In 2011 a noted bankruptcy legal scholar at the University of Michigan Law School published a working paper where he documented the rise in the rate of bankruptcy filing rates for elderly Americans.  While the overall rate was only seven percent of the bankruptcy filing population, the rate has increased 177 percent for the 65-74 age group and a staggering 566 percent for the 75 and older age group.  In May, 2015 the New York Times noted this new reality.  There are certainly many factors at play in this dynamic, including a witch’s brew of fixed income, rising medical costs and high credit card debt for a majority of the bankruptcy filers.  No doubt the recession of 2008, with its hard impact on housing and retirement was an additional major factor.  Bankruptcy also has a favorable treatment of social security and retirement income savings.


        Bankruptcy is purely a creature of federal law, with reference to state exemption laws that may be used in lieu of federal exemptions.  When a person or couple files for bankruptcy, everything they own, except that which is exempt is part of the bankruptcy estate.  It is critical to note that there are sometimes huge exemptions that can protect many families and couples retain their life’s savings and assets.  The most important asset that most people think about is their family home.  If it is a personal residence, there are large exemptions for the equity you have in it.  The exact amount is dependent upon the county in which the house is located, anywhere from $75,000 to $150,000.  For those above that amount, a chapter 13 plan may be warranted.   Next concern for those who are retired or near retirement is their retirement savings.  Bankruptcy provides an exemption of up to $1,000,000 for IRAs and an unlimited exemption for employer based retirement accounts.  Exemptions for motor vehicles provide modest protections.  After filing, the debtor(s) must appear at a creditors hearing.  The hearing is a legal event where the debtor is placed under oath and subject to the laws of perjury.  It is conducted by a trustee, not a judge, who asks questions about what led the debtor(s) to file and to better explain their financial health.  One of the questions of particular importance is whether the debtor(s) transferred anything in the previous two years or transferred any money to a self-settled trust in the ten years previously.  In addition, there will likely be questions about anticipated changes in income in the next year.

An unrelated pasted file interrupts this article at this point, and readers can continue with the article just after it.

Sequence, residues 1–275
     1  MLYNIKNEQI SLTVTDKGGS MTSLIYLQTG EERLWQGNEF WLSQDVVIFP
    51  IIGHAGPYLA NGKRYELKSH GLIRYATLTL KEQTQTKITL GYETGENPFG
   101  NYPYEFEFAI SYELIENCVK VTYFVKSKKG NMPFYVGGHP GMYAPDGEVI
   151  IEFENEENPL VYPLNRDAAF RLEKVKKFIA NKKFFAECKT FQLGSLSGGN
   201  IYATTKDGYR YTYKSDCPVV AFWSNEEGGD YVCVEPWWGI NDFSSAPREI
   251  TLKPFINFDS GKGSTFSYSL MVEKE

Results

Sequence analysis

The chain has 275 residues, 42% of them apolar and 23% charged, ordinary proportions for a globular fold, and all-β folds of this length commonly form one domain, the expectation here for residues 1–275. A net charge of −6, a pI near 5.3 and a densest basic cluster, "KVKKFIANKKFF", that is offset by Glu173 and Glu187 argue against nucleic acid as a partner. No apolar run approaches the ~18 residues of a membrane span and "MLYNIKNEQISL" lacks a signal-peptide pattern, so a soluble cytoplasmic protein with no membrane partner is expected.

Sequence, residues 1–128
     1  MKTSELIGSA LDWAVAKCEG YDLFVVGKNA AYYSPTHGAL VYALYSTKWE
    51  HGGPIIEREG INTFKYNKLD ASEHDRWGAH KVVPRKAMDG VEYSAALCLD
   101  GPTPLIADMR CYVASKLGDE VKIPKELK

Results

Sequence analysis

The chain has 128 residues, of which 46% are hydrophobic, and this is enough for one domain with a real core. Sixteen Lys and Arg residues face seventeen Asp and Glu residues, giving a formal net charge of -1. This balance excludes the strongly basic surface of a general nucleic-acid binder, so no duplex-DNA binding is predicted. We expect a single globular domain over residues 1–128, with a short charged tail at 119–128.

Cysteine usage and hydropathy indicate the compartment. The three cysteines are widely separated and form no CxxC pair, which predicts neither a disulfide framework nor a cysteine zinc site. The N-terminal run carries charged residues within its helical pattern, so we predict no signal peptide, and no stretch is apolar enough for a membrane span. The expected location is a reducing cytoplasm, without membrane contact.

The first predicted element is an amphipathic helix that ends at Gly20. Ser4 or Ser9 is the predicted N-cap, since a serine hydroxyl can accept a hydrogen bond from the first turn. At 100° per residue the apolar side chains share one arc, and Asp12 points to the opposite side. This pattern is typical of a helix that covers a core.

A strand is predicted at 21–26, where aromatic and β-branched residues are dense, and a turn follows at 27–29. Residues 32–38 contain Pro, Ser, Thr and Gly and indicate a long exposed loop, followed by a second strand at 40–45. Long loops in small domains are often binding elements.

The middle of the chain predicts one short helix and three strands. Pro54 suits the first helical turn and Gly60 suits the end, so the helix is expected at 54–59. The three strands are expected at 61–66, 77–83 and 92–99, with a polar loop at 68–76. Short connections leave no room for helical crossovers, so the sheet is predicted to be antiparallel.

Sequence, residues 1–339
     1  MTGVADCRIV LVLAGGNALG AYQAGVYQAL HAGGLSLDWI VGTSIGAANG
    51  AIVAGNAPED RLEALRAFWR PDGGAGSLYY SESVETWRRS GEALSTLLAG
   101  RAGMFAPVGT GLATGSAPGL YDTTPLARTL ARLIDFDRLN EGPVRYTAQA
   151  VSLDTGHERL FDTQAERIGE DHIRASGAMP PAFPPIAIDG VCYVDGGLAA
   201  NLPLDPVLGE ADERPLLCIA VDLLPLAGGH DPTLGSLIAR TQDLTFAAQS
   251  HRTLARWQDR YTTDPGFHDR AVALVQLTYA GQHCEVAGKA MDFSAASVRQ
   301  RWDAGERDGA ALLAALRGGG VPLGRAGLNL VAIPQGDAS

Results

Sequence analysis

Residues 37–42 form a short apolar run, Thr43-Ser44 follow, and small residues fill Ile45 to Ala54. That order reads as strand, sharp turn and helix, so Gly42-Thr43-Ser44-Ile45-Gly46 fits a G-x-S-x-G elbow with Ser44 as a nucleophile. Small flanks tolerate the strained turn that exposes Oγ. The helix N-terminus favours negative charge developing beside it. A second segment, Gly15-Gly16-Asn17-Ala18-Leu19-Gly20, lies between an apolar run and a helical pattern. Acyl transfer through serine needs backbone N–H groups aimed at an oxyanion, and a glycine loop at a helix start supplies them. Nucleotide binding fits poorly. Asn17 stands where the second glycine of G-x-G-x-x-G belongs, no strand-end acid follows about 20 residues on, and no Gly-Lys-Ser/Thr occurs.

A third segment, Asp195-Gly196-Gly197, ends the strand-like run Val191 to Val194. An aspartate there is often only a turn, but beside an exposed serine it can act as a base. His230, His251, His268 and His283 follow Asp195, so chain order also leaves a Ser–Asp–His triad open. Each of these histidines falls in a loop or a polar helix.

If there is a heavy financial burden due to medical bills, credit card debt but anticipate retiring or cashing out on retirement accounts in the next several years bankruptcy may be a valid and appropriate avenue for relief.  It clears the financial ledger sheets prior to cashing out on retirement accounts when your money would be more vulnerable to creditors.  Provided you keep there are no financial mistakes, it helps you create a starting point where credit scores start to improve.  While discharge of debt generally impacts tax liability, there is an exemption for debt discharged via bankruptcy.  Bankruptcy does not impact Medicare look back period, as the question is what assets or property were transferred.

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